Thursday, October 27, 2005

And Then There Were None

It took the BC Government several weeks - or one could fairly argue, several years - to begin their glacial and grudging movement on the accumulated grievances professional teachers have regarding working conditions that have worsened famously since the tragic election of May 2001. But if anyone dares call Minister Bond or Gord-O himself slow off the mark when it comes to really important educational issues, hold your fire!

Late last week, the B.C. "First Nations Summit" leader Ed John began issuing letters of outrage when it was brought to his attention that a grade 9 assignment had made reference to the old ditty"Ten Little Indians". It came to light that for reasons that are indeed puzzling this rather silly little rhyme was still embedded in the official curriculum of BC schools.

Well, not for long, for apparently when Eddie John and the Summit — an organization which contrary to popular belief does not speak for all First nations or Aboriginal people in BC — tells the Liberals to jump, their principal response is "how high?" Today (Thursday), less than a week after the grievance first saw light, the Education Minister has hit the delete button for the poem in the curriculum and begged for a summit with the Summit to discuss curricular design and, no doubt, cultural sensitivity.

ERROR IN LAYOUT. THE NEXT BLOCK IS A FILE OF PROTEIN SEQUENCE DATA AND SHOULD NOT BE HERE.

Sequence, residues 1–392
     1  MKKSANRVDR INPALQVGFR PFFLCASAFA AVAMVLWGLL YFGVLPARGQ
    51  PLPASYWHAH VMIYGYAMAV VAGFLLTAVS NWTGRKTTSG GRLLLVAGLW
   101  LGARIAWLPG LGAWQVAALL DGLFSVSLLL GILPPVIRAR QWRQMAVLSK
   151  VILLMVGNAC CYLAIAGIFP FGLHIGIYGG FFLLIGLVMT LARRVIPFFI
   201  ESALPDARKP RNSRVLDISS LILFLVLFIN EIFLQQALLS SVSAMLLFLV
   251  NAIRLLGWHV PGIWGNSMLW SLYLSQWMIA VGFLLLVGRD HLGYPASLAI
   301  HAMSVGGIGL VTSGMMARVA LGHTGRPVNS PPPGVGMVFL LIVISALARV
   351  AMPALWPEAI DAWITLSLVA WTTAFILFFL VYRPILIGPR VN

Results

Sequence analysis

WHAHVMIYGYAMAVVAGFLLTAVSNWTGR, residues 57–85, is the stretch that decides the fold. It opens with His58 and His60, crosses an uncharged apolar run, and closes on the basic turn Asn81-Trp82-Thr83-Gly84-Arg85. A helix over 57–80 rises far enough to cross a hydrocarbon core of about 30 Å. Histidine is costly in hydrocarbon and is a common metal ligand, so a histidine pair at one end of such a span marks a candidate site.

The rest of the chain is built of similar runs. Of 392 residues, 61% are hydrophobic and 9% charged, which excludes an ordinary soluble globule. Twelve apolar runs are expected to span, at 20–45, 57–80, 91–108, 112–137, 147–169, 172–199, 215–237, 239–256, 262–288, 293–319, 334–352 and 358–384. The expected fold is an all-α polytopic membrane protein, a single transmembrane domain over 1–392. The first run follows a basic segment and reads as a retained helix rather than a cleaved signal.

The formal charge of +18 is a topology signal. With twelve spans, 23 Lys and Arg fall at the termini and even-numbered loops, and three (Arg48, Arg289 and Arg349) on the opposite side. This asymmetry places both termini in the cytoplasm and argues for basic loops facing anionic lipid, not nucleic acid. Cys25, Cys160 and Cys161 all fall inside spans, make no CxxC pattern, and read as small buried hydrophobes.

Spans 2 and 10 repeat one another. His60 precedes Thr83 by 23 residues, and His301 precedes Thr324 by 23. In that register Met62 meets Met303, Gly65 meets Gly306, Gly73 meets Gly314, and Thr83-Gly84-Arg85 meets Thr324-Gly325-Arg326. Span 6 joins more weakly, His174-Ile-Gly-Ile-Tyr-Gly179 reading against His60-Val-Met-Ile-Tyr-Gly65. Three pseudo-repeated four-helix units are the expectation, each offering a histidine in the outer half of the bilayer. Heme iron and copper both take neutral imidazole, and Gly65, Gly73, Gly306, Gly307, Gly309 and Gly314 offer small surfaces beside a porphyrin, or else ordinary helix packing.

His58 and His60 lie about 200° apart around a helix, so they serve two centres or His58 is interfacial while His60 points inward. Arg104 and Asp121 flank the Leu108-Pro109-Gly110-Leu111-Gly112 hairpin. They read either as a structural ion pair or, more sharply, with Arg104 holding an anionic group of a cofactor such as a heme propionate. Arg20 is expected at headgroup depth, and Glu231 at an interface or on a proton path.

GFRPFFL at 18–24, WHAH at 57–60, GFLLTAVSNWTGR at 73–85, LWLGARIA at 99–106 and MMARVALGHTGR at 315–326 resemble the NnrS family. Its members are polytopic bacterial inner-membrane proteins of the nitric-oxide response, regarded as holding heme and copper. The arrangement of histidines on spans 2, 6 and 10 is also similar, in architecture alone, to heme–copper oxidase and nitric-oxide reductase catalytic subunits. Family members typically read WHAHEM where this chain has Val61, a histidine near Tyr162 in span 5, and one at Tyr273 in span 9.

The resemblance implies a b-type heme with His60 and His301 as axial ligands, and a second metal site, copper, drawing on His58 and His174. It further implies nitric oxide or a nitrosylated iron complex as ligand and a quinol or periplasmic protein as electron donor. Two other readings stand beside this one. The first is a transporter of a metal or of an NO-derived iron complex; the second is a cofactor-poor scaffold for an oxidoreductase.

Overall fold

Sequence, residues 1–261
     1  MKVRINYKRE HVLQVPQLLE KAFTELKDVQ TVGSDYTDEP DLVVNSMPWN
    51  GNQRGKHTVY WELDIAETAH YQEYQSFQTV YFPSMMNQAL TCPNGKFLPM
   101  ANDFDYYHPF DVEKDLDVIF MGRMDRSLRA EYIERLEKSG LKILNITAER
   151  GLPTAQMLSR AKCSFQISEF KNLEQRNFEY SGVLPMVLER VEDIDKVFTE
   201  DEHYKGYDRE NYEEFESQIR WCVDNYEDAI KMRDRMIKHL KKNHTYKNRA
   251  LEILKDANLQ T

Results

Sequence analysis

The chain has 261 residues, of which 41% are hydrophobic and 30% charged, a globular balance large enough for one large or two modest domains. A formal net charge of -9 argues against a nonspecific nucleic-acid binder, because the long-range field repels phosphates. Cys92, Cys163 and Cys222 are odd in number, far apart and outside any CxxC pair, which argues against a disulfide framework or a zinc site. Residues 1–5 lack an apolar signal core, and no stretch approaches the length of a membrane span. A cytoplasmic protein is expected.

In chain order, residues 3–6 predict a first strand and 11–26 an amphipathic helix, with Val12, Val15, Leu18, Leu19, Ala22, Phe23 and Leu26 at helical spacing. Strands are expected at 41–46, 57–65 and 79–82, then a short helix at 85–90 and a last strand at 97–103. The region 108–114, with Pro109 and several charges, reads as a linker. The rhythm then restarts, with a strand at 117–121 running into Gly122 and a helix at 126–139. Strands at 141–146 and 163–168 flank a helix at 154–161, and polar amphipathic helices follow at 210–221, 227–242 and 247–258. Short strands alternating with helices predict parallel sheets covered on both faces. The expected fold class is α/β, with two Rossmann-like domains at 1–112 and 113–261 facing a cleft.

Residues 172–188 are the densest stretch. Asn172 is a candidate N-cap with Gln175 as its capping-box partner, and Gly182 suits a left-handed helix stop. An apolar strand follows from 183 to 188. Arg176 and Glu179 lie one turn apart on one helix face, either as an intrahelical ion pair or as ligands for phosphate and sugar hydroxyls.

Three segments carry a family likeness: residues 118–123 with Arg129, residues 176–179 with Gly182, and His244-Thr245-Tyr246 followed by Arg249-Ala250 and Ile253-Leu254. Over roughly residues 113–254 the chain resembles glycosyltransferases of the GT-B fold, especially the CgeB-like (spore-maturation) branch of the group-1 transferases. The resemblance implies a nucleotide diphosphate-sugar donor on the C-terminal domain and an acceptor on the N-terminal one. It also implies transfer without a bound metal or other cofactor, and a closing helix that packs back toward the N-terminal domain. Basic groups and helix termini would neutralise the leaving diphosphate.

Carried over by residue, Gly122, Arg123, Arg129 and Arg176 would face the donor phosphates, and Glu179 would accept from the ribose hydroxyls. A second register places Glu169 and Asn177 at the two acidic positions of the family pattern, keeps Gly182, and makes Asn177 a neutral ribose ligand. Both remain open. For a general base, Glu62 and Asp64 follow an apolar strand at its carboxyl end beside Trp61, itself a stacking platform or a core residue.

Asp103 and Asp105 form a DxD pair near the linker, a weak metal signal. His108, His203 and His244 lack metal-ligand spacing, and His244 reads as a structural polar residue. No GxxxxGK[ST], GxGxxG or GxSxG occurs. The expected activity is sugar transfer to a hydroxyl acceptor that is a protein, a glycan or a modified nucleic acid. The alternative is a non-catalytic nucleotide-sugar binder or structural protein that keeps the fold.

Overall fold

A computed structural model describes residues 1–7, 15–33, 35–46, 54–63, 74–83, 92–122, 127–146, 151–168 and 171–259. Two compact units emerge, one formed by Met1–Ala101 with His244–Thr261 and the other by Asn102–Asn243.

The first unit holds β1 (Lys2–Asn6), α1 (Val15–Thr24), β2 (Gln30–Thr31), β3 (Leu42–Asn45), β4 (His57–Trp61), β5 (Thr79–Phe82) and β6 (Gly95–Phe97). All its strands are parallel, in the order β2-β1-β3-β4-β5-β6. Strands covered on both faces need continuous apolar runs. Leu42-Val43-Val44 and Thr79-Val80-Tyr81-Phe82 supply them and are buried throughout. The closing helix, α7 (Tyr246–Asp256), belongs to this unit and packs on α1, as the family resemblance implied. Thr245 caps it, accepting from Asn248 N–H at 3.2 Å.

One does wonder, of course, how this trivial verse had apparently survived generations of change and evolution in the curriculum, given that the literary merit therein is well below borderline. One also has to wonder — because the media have not been able or bothered to go to the source and speak to the teacher — about the context of this material's use. One can imagine (but that is all one can do) that just maybe there was some worthwhile pedagogic goal in exposing students to such material. Certainly there must be rather limited applications for a nursery rhyme in a grade 9 level assignment.

Now, be clear: this Grouse has no big or little qualms with flushing "Ten Little Indians" from the toilet of BC education. But as has been so often the case since 2001, concerns about public process do spring to mind. Will there be other demands generated by the cultural competence experts - or claque - for deletions from curriculum that do matter more and, if so, will there be opportunity, in the form of time and access, for others than the BC Summit to name and frame what is and is not racially degrading?